Napoleon III’s wife was filled with awe. “De ma vie, je n’ai vue rien de plus beau”, voiced Eugenie de Montijo at the opening festivities of the Suez Canal. I’ve never seen anything as beautiful.
As Sebastian Gießmann notes about the scene, it was such a crystallisation of aesthetic sentiment with colonial aspirations, something that set the bar for the 19th century technological enthusiasm for progress and the planetary projects that defined a new global order. It was, after all, that the ceremonial boats passing through the canal were followed up by one last one; the one that lay down the telegraphic cable. Lewis Mumford’s later analysis coined already the late 19th century’s material basis as not national not continental but planetary – and this drive was visible in many of the transport projects and technological engineering too; planetary but always tied to a variety of geopolitical interests.
Gießmann’s extensive Die Verbundenheit der Dinge [rougly translates as the “connection of things” but there are many nice connotations for the word Verbundenheit in German, from proximity to affect, communion and bond] narrates such scenes but more broadly speaking the study functions as an inspiring cultural history of nets and networking. Even if “network theory” has been debated for 10-15 years, Gießmann is able to bring interesting angles to the material, symbolic and imaginary aspects of a truly historical view to webs, nets and more. Besides being highly readable, Die Verbundenheit der Dinge works through interesting case studies from classical literature and the history of nets in hunting, as traps, also to the legal aspects of “binding” contractual states; to spiders and webs, infrastructural networking such as canals, and onto the more computational 20th century. The diagrammatics of operational research offer a pre-internet view to how information handling was to be rationalised in visual circuits; connections of nodes and switches. Gradually the management of optimised information messages became the focus of the technical diagrams.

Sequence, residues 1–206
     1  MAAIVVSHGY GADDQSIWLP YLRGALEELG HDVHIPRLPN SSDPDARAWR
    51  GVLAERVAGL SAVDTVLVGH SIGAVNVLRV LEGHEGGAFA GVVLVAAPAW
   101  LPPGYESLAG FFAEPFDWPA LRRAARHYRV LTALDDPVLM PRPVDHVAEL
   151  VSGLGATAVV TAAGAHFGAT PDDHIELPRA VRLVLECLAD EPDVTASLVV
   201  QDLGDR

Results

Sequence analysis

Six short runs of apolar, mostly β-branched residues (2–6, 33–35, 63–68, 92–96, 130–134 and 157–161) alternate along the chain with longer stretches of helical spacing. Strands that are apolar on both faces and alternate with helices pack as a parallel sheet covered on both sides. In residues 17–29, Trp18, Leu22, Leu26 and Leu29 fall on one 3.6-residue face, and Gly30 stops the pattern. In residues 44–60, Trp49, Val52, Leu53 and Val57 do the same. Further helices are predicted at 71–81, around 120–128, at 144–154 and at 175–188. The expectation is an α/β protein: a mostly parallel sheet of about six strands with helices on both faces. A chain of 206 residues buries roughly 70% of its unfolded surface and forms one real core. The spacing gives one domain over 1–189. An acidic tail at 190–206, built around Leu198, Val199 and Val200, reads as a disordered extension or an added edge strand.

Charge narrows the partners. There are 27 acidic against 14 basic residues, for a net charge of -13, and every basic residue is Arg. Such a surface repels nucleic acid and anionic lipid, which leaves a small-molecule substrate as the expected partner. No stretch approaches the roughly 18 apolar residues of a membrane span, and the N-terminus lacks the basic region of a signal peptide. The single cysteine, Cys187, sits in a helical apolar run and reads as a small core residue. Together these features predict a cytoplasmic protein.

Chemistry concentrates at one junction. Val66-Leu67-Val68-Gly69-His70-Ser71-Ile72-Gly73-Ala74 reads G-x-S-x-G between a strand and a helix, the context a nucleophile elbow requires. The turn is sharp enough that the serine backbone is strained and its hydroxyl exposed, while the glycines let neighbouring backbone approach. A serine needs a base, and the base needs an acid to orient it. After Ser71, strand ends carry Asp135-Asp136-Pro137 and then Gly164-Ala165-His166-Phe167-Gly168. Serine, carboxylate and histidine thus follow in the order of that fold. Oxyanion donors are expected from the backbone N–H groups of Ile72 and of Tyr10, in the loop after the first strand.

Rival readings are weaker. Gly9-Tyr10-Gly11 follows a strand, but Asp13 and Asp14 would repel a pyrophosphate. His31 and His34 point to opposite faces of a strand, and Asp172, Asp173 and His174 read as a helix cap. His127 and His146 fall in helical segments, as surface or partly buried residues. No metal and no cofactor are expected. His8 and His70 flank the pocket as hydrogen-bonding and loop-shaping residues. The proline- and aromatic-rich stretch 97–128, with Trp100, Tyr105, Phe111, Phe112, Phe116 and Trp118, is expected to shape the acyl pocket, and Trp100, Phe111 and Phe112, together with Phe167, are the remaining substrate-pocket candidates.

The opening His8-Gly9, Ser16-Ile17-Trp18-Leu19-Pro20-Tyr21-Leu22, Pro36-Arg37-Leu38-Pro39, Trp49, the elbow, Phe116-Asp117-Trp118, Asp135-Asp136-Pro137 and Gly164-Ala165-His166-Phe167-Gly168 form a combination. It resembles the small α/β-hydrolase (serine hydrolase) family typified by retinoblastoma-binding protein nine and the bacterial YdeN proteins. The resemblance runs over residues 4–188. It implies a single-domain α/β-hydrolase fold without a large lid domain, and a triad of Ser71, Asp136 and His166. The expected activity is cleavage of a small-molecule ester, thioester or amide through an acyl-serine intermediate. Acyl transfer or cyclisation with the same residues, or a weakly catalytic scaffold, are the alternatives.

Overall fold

The book has a wonderful way of being able to account for the material and yet also aware of the cultural history of the concept in its changing forms from visual to the informatic. Gießmann is drawing on the cultural techniques-tradition of German theory in many ways. However, what distinguishes the book are the specific examples elaborated. Through addressing such historically far-reaching plans of planetary networks as the canals of the 19th century etc., the book is able to remind that at its core, networking is also currently about big infrastructural projects; Gießmann notes the early use of “networks” in the 1827 planning of Paris watersystems and it is clear that this is a lineage that is of important focus: the infrastructural engineering both of the urban realm and the connections across national interest space but also in close relation with non-governmental corporations. In many ways Gießmann’s book speaks to the same themes as recently translated study by Markus Krajewski, World Projects.
Die Verbundenheit der Dinge acknowledges the importance of mathematics and geometry in the modern history of networks, but does not cave-in to the a-historical definitions of networks that we have grown accustomed to hearing; nodes and edges might be important but also need to be historicized as the specific epistemological frameworks in which such connectivity becomes mobilized over the past 200-250 years.